The Weaving of Pakhha: A Unique Form of House-Making by the Fakirani Jat Women of Kachchh, Gujarat
Historically, Jats are pastoral communities whose roots are in Haleb, Baluchistan. They migrated to Sindh (Pakistan) and Kachchh (Gujarat) around 500 years ago. Jats in Kachchh are of four sub-communities mainly- Fakirani, Garasia, Hajiani, and Dhaneta. All these communities are known for rearing different animals, such as camels, cows, and buffaloes. Herds are constantly on the move to avoid overgrazing a single location. These communities are eventually settling and are turning into semi-nomads where women and children stay in the periphery of villages while men move around with the herds. They live in hamlets comprising 15–25 families with a lot of scrub foliage. This community is subsequently found on the mangrove forest fringes of Karachi in Pakistan, Lakhpat and Abdasa in Kachchh (Gujarat), Jamnagar, and even Khambhat in Gujarat.
In Kachchh, Fakirani Jats live along the coast, and they have a unique eco-tonal (species on the fringes of two adjoining ecosystems) camel species known as Kharai Camels. These camels are desert animals but can swim through the creeks and feed on mangrove plants. As the men of this community are constantly moving, all the responsibility of caring for the family comes down to women, which even includes constructing houses, a practice which is solely undertaken by the Fakhirani Jat women.
The Fakirani Jats have historically had a migratory lifestyle and as a result, they also prefer not to live in a pucca house or fully enclosed house which disconnects them from the external world. They prefer staying in a house that is airy, close to mother earth and easy to dismantle. They are known to move their houses and rework them every year. If some misfortune occurs they will immediately change the location of their house within the hamlet, reflecting the adaptable nature of their migratory patterns.
Elements of Pakhha:
In various parts of the country, house-making is traditionally a community process, where men and women of the village come together and help construct the house using their individual skills. Similarly, among Fakhirani Jats, the women of the hamlet along with their children, come together to weave a house. The community prefers to rebuild their Pakhha (their traditional homes) every year or two post-monsoon based on the damage that is done to the skin of the house.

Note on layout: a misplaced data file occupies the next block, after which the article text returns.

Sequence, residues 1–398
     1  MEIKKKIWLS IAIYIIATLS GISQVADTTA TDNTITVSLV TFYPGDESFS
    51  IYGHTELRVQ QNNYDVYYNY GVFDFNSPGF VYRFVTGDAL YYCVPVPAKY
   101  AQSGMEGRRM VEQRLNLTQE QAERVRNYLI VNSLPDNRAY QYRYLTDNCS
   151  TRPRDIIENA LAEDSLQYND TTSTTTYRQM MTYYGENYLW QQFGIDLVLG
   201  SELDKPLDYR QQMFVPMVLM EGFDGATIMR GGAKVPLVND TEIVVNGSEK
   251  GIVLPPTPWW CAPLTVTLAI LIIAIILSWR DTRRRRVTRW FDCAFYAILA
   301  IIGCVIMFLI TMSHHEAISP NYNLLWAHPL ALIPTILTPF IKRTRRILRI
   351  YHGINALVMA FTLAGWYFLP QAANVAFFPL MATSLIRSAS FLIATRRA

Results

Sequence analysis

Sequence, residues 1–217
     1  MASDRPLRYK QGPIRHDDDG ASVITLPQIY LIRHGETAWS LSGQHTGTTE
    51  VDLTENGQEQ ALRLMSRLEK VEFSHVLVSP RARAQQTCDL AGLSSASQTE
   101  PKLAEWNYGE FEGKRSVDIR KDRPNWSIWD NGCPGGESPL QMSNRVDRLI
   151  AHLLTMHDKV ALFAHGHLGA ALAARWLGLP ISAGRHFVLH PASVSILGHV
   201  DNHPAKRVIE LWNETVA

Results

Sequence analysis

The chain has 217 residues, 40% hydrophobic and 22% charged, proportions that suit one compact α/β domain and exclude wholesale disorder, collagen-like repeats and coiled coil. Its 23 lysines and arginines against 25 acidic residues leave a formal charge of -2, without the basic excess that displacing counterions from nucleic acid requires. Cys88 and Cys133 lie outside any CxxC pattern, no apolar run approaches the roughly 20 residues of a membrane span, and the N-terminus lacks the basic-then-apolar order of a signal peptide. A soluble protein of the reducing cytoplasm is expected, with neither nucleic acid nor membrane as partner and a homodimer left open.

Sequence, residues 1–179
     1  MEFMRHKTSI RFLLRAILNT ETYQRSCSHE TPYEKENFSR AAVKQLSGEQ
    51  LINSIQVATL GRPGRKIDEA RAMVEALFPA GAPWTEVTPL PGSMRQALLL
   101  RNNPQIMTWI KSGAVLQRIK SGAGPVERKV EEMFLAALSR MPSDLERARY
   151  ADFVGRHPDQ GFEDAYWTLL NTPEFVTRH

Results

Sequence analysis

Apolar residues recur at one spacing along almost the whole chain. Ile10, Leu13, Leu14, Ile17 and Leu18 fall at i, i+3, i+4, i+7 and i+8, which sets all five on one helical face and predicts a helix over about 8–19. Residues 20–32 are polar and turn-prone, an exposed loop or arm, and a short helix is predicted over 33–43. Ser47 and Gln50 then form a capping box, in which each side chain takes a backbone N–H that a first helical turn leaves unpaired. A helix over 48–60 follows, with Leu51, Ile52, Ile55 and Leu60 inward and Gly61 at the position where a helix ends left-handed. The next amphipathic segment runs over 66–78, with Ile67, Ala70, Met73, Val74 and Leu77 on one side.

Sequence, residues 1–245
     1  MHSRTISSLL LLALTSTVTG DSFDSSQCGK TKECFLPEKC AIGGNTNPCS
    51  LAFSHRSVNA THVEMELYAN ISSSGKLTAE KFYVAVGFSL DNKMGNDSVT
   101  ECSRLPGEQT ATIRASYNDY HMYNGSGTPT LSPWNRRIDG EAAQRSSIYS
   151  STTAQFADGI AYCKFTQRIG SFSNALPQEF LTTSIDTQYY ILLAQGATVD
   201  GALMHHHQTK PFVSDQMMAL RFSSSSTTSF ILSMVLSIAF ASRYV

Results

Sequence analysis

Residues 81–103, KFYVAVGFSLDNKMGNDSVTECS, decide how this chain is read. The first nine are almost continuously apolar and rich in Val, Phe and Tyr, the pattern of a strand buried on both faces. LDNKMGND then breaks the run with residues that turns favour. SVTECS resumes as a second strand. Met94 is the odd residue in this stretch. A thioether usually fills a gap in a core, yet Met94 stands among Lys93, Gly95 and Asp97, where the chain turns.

Pakhhas built by the Fakhirani Jat women are a unique form of house-making that avoids using plinths to raise the house since plinths make the house form less transient for their migratory patterns. Instead, they use wooden frames and grass mats as construction materials for homes that move with them. The base of the Pakhha is made of earth or in some cases a thin layer of cement, in which the vertical wooden members of the walls are closely inserted. These vertical members are then tied with horizontal bamboo splits and mats are attached to them in such a way that they can open their walls as we open our curtains. This makes their house cool and breezy. The roof is also made with densely woven grass mats. The repair and rebuilding process of the Pakhha is planned in advance to accommodate people who can help in its construction/repair.
The existing Pakhhas are made entirely by women. The Jats have extended their excellent embroidery skills to weaving and stitching the Pakhhas together, and pass on their knowledge by training the younger generation. No nail is used in the making of Pakhha, everything including ledges for storage is tied using nylon and plastic threads. The colour palette of the exterior of the house merges with the landscape of Kachchh, while on the contrary, the interior of the house is decorated by painting the wooden skeletons in vibrant colours.